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Archive for the ‘cavers’ Category

I spent the last weekend in the Allegheny National Forest way up over there in north-central Pennsylvania. I had a great time.

I had gone over to count bats. We mid-western cavers have watched entire bat populations disappear over the last few years due to “white nose syndrome” – a fungus pathogen killing bat populations as they hibernate. No one is really certain where white nose comes from or how it migrates from bat colony to bat colony. There is considerable speculation that the fungus is spread by cavers with contaminated gear or clothing. I bleach my equipment after I get home now and so do most of the rest of the grotto members. Another likely explanation for the spread of white nose is that bats are contaminating themselves as they mate, but it is all speculation at this point. In any case it is a bad business and the Cleveland Grotto is conducting bat survey work for several research organizations “doing the science”.

Our grotto Conservancy Chair Eric Topeke asked me to drive over to the Allegheny National Forest and count whatever bats I could find in the mouth of a certain small cave known to be a bat hibernaculum. Eric had GPS coordinates and a description of where the cave was located. The directions involved parking at the very end of a ANF logging access road, finding an abandoned railroad right-of-way and hiking through old growth forest to see if I could find the cave located in the side of a small sinkhole.

Eric’s directions also noted that black bear were reported to “be active” in the area off the logging road and that anyone walking in the area should be very cautious and should carry at the very least “a stout walking stick” as “protection”. Well I decided I would be cautious and I decided to carry “protection” but I decided I sure as heck wasn’t going to be using any walking stick to attempt to reason with a Pennsylvania black bear.

It occurred to me on the drive east that morning that I was rolling along in a jeep full of caving gear, camping equipment, guns, a fiddle and a five string open-back banjo. I was ready for just about anything the Allegheny National Forest could throw at me. With a certain amount of self-satisfaction, for at least a few hours, I thought of myself as probably the most well prepared man in North America.

I found the Minister Creek campground located off Pennsylvania SR (I am not making this up) 666 and I set up camp. Then I headed for the cave.

I found the end of the logging road and I found the abandoned railroad right-of-way. I loaded my 12 gauge pump with some deer slugs. I cradled the shotgun in my arms the way I used to when I hunted with my brother and my dad and set off down the trail to the right. Besides bear, Eric’s directions also noted that wildcats were “active” in the area. I had previously had some experience with Pennsylvania timber rattlers and between bears, cats and rattlers I had lots of opportunity to reflect on my position on the food chain (“dinner”) as I made my way through the wood.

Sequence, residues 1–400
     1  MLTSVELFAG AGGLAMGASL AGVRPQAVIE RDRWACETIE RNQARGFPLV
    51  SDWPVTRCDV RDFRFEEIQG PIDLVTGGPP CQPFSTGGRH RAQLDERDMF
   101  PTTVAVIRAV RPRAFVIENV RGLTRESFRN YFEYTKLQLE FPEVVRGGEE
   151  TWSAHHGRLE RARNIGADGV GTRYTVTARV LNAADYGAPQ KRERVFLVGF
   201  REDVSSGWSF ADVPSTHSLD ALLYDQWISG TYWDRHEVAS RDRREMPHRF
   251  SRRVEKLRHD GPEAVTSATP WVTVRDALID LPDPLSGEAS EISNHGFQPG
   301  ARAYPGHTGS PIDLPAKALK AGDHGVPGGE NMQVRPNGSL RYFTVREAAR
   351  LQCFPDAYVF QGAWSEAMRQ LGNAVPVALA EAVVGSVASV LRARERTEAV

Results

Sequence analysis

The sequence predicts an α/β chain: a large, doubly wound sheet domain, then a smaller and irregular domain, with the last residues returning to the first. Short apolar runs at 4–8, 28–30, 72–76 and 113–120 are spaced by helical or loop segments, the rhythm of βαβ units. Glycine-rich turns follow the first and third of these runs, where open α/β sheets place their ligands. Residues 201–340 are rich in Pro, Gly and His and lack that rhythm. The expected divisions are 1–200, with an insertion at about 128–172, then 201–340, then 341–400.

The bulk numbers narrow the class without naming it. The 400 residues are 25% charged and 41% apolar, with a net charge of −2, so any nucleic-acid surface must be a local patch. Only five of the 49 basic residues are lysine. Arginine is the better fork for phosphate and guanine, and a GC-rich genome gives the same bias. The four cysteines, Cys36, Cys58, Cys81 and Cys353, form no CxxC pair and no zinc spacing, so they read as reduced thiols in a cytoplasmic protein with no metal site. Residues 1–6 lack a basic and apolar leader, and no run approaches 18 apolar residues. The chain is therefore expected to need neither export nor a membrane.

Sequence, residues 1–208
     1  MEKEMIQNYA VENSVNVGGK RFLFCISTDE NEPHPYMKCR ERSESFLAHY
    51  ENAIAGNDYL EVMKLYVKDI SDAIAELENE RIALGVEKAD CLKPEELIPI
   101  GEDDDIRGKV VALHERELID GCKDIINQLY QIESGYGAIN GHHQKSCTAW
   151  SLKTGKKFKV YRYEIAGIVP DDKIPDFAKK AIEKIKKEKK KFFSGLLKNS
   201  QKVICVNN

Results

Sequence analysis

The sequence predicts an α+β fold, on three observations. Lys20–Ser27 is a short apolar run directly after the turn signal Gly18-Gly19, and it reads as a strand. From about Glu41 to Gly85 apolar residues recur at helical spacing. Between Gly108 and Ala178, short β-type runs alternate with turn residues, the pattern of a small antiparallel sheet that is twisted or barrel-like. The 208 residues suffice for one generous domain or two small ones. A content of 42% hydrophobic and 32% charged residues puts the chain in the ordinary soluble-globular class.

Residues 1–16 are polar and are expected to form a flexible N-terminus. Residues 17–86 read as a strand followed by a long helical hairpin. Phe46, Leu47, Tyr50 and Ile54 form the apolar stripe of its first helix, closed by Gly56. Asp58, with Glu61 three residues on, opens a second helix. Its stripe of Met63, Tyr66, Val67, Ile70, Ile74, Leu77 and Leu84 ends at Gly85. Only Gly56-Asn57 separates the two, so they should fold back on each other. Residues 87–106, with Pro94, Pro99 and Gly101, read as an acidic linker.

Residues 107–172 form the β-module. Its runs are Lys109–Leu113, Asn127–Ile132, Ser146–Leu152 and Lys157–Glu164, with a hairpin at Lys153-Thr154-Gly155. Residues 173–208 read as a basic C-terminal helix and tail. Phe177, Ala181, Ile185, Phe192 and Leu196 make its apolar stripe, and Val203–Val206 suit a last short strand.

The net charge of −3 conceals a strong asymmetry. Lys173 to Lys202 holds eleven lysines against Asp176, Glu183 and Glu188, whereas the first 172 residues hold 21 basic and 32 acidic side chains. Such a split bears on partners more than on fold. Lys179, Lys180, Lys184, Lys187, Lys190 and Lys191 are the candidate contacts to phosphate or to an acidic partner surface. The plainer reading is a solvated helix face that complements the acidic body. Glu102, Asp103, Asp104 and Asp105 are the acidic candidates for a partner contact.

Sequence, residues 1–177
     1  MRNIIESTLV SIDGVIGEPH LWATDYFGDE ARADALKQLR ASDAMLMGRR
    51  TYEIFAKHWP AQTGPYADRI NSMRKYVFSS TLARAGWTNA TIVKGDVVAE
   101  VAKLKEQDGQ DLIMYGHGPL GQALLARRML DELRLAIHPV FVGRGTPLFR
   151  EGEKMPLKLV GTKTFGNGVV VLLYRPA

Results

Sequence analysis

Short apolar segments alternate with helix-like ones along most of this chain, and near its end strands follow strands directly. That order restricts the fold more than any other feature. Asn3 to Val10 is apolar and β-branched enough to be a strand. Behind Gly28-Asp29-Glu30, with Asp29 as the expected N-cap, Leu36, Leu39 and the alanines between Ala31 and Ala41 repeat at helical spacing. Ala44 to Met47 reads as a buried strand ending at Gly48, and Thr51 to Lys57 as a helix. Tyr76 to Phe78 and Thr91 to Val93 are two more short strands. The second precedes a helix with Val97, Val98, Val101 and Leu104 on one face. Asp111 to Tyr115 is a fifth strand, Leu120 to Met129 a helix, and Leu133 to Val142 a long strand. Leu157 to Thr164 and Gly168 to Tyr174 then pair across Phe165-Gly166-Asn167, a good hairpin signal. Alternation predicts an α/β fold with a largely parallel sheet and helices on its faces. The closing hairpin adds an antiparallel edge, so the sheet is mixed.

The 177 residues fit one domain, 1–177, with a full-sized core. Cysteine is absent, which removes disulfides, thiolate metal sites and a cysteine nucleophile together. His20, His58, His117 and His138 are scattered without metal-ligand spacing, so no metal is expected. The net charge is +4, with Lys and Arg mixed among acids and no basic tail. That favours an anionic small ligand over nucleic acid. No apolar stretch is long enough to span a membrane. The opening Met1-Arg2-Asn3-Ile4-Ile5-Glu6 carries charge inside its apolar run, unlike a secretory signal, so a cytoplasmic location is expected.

I never could find the sinkhole. I’m dead certain that I must have been within 30 yards of it (and probably closer). And I never saw any bear. Or wildcats. Or timber rattlers. It’s probably just as well. I’ve never been a big game (deer) hunter – I don’t think I have it in me. I actually had to go and buy a box of slugs to take with me. On the other hand, I didn’t see any bats either, dead or alive. I waited till it began to dim a bit – I didn’t want to wait too long as I wasn’t real sure of where I was and I wanted to make sure I could get back to the jeep and back to camp before it got too dark – but didn’t see any bats in the air.

I made it back to the jeep, unloaded the shotgun and packed it away in its case. I headed back to my campsite.

The campground was beautiful. I had pitched my tent within feet of winding, bubbling Minister Creek inside a heavily wooded and secluded site. The campground was located on the Minister Creek Trail hiking loop and I got to say “howjado” to any number of day hikers as they drifted past my campsite when they began and ended the trail. I am going to make plans to head back to Minister Creek later this summer or early this fall to hike the loop myself and camp and enjoy the campsite over a couple of days.

The new/old banjo got a pretty good workout too. I’ve been spending a lot of time on Needle Case and Pretty Little Dog. My banjo is an open-back frailer and does not have a tone ring in it. It is not a loud instrument and I have been trying to teach myself to frail with a pretty light touch. As a result I have been concerned that I am not getting as much sound out of the instrument as I would like. I am learning that there is a technique to getting as much sound as I can out of the banjo without beating it to death. It has its own voice and I will have to adjust myself to that while I try to remember to hold the instrument correctly and frail “firmly and confidently” but without trying to force a volume or a type of tone.